But let’s go back to the organization of colonies of eusocial individuals like honeybee hives. Can we speak of “collective intelligence” in a hive of bees? For example, we speak of “hive immunity” as a form of interdependent collective intelligence built on the principle of cooperation for the whole society and that arises from the collaboration of various individuals in relation to a particular issue linked to the taking of consensual decisions. In generic form it is applicable to systems as varied as humans, animals, bacteria, organs or computers. In essence, collective intelligence consists of the ability of an organization to detect signals and stimuli from the environment, process them and coordinate joint action for the benefit of the collective. Just like what an innovative business organization requires. If we had to highlight the fundamental properties that allow us to develop such a skill, we would cite two main ones:
- Diversity of specialization: the complexity of functions to be developed in the community requires the inclusion of specialized individuals for the sake of efficiency and speed of action in the adaptive response to change. We have previously discussed this characteristic as a distinctive feature of eusocial organisms and the differentiation into groups or castes. It is important to emphasize that these castes, unlike what happens in some organizational systems of human societies, are not hierarchical. The various mechanisms that give rise to the specialization and segregation in castes that take place in the individuals of a hive (queens, drones and workers) are amazing, although their review is not the subject of this article. However, it is interesting to note the so-called “temporal polietism” in non-reproductive bees, that is, workers. It consists of the distribution of tasks based on the age and stage of life in which each individual is. At different ages, individuals are better prepared to perform different tasks. Instead of specializing in a single task forever, each worker develops skills for certain functions in a predictable or logical progression throughout her life. It is what in every way could be considered the progression of a professional career path, where different generations of individuals coexist and cooperate throughout their working lives.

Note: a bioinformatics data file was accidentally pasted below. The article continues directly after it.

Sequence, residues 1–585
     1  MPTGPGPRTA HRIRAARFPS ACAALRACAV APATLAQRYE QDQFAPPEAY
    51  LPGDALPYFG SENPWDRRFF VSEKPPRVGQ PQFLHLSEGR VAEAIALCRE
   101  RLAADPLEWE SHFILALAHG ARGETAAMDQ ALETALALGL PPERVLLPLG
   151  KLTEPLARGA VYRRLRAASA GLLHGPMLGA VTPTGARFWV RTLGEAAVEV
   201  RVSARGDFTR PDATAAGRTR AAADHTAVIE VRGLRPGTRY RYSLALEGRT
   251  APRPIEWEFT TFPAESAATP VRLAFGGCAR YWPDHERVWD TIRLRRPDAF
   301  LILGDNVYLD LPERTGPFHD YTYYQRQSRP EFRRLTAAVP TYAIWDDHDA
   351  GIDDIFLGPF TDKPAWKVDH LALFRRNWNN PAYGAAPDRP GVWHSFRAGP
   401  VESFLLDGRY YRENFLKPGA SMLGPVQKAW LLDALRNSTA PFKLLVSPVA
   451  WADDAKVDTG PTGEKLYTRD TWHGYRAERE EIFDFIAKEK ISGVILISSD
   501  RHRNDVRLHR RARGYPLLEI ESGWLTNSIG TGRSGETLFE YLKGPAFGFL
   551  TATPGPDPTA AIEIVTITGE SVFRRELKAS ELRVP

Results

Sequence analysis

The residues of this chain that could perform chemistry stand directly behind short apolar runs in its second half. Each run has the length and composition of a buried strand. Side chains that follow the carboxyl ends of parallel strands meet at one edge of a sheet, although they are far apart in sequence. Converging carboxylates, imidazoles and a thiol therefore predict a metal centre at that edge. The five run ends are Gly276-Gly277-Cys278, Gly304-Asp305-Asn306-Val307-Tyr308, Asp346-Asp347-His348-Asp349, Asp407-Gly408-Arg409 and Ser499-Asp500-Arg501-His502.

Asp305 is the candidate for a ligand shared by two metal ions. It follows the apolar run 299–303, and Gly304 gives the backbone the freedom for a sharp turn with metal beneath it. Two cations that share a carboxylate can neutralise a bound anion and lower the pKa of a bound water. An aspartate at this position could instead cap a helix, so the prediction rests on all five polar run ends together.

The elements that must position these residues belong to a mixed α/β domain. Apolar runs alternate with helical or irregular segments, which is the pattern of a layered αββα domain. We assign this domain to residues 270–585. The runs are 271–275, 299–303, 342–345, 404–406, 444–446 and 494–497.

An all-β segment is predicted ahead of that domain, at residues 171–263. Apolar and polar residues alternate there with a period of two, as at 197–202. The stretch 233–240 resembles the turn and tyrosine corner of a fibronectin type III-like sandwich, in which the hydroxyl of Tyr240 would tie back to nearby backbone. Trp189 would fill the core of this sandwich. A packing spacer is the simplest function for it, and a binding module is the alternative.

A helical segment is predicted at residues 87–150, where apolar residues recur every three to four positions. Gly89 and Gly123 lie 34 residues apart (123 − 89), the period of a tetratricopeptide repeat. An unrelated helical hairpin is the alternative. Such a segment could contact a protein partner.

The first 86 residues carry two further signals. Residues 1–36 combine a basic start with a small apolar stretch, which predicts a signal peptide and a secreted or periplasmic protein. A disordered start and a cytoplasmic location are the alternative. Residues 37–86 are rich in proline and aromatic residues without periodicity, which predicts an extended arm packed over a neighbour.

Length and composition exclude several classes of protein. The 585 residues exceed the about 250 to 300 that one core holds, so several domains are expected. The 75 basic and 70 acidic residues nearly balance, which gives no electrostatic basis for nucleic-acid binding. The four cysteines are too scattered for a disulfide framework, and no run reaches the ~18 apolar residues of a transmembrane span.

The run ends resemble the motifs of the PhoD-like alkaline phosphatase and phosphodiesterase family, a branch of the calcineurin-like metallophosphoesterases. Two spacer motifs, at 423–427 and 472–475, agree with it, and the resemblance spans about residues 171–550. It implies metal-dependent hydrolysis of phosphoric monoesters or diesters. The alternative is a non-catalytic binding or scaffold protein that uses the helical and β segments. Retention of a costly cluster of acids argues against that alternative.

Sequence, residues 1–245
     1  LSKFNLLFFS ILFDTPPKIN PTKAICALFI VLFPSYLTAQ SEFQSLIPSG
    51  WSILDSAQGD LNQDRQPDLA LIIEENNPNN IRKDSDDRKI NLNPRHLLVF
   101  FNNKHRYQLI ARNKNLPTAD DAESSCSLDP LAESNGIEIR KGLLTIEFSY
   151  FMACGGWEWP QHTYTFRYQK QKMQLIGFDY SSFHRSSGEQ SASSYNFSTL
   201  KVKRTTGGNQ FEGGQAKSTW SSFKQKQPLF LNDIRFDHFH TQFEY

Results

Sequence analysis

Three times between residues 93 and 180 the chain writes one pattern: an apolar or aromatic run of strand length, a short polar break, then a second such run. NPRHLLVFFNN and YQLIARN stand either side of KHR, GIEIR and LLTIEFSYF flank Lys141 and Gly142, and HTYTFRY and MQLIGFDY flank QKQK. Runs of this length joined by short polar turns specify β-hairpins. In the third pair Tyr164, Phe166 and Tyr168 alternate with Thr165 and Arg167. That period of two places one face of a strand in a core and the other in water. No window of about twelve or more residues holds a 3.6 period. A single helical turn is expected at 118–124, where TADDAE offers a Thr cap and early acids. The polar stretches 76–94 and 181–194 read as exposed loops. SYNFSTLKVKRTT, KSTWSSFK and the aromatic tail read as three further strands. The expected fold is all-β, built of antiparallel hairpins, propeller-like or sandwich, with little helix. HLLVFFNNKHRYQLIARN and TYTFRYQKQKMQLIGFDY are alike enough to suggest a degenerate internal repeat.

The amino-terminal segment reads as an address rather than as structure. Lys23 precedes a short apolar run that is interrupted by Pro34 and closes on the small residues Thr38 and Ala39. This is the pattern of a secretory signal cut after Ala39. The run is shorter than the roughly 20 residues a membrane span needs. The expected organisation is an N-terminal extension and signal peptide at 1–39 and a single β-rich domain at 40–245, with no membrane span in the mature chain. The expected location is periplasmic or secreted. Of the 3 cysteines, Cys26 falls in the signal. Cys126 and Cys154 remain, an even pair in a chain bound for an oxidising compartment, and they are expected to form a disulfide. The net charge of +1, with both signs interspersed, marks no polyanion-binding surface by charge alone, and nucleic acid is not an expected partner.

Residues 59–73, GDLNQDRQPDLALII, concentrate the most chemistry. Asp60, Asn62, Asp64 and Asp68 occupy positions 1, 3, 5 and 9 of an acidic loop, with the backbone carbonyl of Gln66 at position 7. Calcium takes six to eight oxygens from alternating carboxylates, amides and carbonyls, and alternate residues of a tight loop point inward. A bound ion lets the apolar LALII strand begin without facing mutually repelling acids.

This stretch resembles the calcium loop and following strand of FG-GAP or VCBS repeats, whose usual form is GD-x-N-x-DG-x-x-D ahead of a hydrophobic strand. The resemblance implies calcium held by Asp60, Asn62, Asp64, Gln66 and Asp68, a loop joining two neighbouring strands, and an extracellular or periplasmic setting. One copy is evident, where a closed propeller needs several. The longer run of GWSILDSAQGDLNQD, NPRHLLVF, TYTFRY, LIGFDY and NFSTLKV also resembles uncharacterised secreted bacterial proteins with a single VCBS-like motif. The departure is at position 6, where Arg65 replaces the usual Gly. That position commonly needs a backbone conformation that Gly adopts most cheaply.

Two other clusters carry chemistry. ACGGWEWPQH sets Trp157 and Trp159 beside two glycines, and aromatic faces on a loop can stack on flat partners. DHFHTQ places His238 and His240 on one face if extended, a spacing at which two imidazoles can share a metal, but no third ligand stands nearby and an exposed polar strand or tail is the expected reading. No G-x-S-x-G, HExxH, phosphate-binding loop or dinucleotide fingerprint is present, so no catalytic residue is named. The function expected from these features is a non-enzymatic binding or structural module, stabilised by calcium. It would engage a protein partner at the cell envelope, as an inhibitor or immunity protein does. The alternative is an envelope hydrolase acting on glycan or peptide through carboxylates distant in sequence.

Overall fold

- Disposition in cognitive WiFi networks: feedback, fluid and wireless interconnectedness. The individuals of the organization connect with each other and with the environment as nodes of a network. Sensory mechanisms composed of receptors, emitters and actuators are established. Likewise, non-linear cause-effect relationships should be established, based on feedback (“Everything depends on everything else”, Hada credo; see article #3).
Furthermore, the speed and flexibility of response to changes demand a plasticity of the network that can only be achieved through fluid and wireless connections (WiFi). Natural cognitive networks have evolved in various ways to find efficient solutions to a general problem: capturing, storing, processing and responding to information. Some are “static” (or solid) like those made up of neurons, characterized by a well-defined and persistent architecture. Others, on the other hand, are made up of elements that do not have permanent connections or move with each other in physical space. They are “liquid brains”. Examples of liquid cognitive networks are termite and bee colonies, the immune system, and some microbiomes. Halfway between the two types we can place the organoids, an organizational system in which an animal organ is recreated from 3D in vitro cell cultures in which the autonomous cell differentiation of different cell types occurs that self-organize and assemble due to the mediation of fluid and contact stimuli. Solid or Liquid? Neurons or Immune System? That is the question. Neural networks have evolved in complexity as the most efficient cognitive network organization in terms of learning, processing efficiency, and information storage capacity. However, at the same time these same advanced species and other less evolved ones have developed survival strategies linked to cooperation between cellular systems (e.g. immune system) or individuals (e.g. insects and bacteria) that require forms of communication within the collective. Thus, the cells of the immune system and the bees of a hive work cooperatively to monitor the environment in search of threats and opportunities, coordinate supra-individual responses and make collective decisions. All this in an agile, flexible and effective manner. The keys to achieving an efficient human organization are closer than perhaps someone might think and are proven over thousands of years of evolution: let’s learn about how the immune system and a hive of bees is organized.